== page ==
Sunday, March 7, 2010

Tagine Time

I've been working on being more in the moment, taking my time, slowing down. Yesterday climbing the PATH stairs at Exchange Place, for example; I focused on the burn, as I took the steps, rather than just wishing I was at the top already. I don't go to the gym so those stairs are about as much exercise as I get. I'm also concentrating on chord formations more when I play the ukulele - B♭ (the people's key), D (my El Guapo) and the nefarious E. 
Being in the moment takes more time. Time certainly passes more quickly. And I'm taking my time in the kitchen (and took my time getting to the letter T but that's a little something called procrastination). I've started making bread, cooking with dried beans instead of canned and using the tagine more often. Tagines are all about taking your time, cooking low and slow and letting the ingredients get to know one another. 
I got my tagine over a year ago, a gift from Melissa. Just getting it was an adventure. We'd show up and they'd be closed. After a couple tries (lesson: call ahead to make sure they'll be open because if it's slow they just might close), we were inside. They have spices galore in there but this was about picking out a tagine. They have a whole bunch - each unique. It took awhile for us to find the base/top combination that fit well together and was aesthetically pleasing. Well, what I ended up with was more about the fit than looks but I've grown quite attached to it and wouldn't trade it for another. It has delivered some delicious meals.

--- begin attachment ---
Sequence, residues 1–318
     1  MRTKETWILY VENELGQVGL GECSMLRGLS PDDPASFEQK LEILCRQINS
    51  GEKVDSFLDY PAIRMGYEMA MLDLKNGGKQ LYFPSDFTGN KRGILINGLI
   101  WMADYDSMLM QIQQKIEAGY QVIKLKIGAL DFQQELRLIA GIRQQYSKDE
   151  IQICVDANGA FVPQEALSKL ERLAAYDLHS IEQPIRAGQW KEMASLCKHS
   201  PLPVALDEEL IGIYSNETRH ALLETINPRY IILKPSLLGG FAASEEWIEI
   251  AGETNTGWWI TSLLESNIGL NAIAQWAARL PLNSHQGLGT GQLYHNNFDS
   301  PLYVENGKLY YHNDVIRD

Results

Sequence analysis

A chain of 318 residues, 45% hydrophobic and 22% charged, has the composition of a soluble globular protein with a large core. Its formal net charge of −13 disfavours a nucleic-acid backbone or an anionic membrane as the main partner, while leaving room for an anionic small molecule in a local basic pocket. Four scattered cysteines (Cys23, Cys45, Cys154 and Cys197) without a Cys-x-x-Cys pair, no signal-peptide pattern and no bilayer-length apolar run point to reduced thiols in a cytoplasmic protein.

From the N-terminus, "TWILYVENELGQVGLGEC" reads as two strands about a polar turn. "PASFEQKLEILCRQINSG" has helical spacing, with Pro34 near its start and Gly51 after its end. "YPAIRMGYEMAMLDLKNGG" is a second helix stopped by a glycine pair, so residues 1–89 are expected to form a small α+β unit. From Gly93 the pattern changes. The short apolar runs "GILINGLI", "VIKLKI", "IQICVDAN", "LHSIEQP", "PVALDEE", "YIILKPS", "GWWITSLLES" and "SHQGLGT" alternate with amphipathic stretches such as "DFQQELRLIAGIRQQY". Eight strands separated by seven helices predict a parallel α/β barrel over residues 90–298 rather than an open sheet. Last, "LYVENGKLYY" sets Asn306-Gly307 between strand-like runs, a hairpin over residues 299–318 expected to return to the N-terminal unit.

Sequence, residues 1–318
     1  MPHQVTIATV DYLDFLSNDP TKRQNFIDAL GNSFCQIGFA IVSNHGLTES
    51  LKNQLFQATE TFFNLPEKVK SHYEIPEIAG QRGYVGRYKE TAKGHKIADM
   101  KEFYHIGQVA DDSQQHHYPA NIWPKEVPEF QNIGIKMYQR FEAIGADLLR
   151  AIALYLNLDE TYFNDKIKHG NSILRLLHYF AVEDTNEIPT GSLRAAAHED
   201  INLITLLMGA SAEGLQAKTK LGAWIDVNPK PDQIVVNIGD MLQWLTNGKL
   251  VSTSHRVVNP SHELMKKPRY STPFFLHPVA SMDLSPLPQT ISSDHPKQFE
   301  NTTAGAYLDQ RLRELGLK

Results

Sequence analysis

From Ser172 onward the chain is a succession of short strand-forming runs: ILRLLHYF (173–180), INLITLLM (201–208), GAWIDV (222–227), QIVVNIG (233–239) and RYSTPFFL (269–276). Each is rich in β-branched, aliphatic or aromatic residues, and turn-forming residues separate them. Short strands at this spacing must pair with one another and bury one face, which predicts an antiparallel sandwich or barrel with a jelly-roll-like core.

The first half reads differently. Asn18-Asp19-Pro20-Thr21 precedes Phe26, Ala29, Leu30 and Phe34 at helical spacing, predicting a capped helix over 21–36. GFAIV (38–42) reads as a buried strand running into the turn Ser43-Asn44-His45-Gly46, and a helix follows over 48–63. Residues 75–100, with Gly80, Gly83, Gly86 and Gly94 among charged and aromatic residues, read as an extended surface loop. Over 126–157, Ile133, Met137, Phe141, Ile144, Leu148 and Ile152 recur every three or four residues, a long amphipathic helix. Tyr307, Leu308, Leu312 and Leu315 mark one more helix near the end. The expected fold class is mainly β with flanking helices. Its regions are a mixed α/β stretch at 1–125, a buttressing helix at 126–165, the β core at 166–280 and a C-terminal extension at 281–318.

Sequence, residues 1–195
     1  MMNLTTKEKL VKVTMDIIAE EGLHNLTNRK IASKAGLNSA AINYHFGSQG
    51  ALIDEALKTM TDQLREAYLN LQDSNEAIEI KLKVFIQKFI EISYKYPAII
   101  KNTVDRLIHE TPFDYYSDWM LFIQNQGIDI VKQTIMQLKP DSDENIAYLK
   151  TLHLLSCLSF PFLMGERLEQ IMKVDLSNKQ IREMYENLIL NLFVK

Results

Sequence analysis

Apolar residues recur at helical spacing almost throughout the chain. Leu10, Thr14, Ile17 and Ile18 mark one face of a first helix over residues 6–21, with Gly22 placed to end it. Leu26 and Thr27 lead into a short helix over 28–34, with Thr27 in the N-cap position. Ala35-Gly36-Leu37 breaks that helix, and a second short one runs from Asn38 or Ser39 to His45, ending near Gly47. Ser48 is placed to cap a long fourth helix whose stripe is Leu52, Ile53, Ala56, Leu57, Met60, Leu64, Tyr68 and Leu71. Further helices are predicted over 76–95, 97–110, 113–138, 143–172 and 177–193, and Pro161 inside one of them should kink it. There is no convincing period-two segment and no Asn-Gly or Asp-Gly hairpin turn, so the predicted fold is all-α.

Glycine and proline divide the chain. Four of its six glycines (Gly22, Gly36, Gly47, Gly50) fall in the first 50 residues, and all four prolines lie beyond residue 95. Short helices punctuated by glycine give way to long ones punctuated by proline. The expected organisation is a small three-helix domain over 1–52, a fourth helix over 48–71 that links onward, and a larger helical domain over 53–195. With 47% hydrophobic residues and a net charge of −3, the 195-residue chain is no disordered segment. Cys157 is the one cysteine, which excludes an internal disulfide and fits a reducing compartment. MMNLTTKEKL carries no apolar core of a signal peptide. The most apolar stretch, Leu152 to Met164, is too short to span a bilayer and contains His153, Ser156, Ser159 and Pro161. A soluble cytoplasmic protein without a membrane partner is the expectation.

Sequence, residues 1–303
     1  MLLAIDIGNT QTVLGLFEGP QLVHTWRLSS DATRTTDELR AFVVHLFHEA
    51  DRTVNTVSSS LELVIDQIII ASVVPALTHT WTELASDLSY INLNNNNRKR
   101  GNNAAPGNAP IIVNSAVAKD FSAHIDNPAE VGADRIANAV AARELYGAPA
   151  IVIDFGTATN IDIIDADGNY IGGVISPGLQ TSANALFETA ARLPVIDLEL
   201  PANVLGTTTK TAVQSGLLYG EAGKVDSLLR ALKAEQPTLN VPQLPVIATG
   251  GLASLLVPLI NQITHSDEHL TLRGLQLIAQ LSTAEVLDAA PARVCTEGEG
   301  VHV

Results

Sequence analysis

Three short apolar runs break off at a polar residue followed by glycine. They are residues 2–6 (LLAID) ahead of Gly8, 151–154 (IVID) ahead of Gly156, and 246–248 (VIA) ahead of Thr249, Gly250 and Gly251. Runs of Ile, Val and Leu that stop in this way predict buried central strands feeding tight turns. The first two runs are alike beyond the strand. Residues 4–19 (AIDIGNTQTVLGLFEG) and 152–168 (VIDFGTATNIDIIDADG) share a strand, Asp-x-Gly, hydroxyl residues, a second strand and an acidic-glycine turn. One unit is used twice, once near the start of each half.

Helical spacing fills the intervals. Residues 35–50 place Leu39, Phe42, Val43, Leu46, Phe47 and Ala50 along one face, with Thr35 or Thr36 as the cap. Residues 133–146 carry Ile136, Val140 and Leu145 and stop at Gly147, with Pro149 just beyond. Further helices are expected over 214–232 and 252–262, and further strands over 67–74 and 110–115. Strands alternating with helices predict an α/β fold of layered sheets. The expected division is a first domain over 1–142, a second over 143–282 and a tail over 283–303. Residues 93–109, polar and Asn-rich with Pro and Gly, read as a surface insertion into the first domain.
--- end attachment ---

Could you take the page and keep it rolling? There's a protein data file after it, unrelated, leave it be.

Tagines are usually made out of clay so cooking with them is a bit different than cooking with a Dutch oven, which, I'd say, they're most like. They're all about keeping steam and juices inside and cooking for a long time. Dutch ovens allow for that high heat initial sear which tagines do not tolerate so well. Try it and your tagine base might end up in two pieces.
So, why a tagine when you could use a Dutch oven? Well, you're cooking in clay. Clay. When was the last time you  cooked anything in clay? The history. Clay is the stuff people have cooked in for millenia (actually I'm not sure how long but longer than cast-iron that's for sure). It's earthy. It's dirt you cook in. (Sure, glass was dirt but it doesn't smell earthy.) I use a tagine because it's earthy, has a cool top and makes for a nice presentation but more than that, it makes me slow down.

1 comment:

Melissa Riker said...

I'm finding that along with being in the moment is the idea of "one thing at a time".

I like this practice of slowing down, and I'm feeling like I can carry it into the busiest of days...
Kind of like remembering to breathe first, and then moving.

this is a great entry - thank you for the lovely honesty, imagery and humor: "Its dirt you cook in"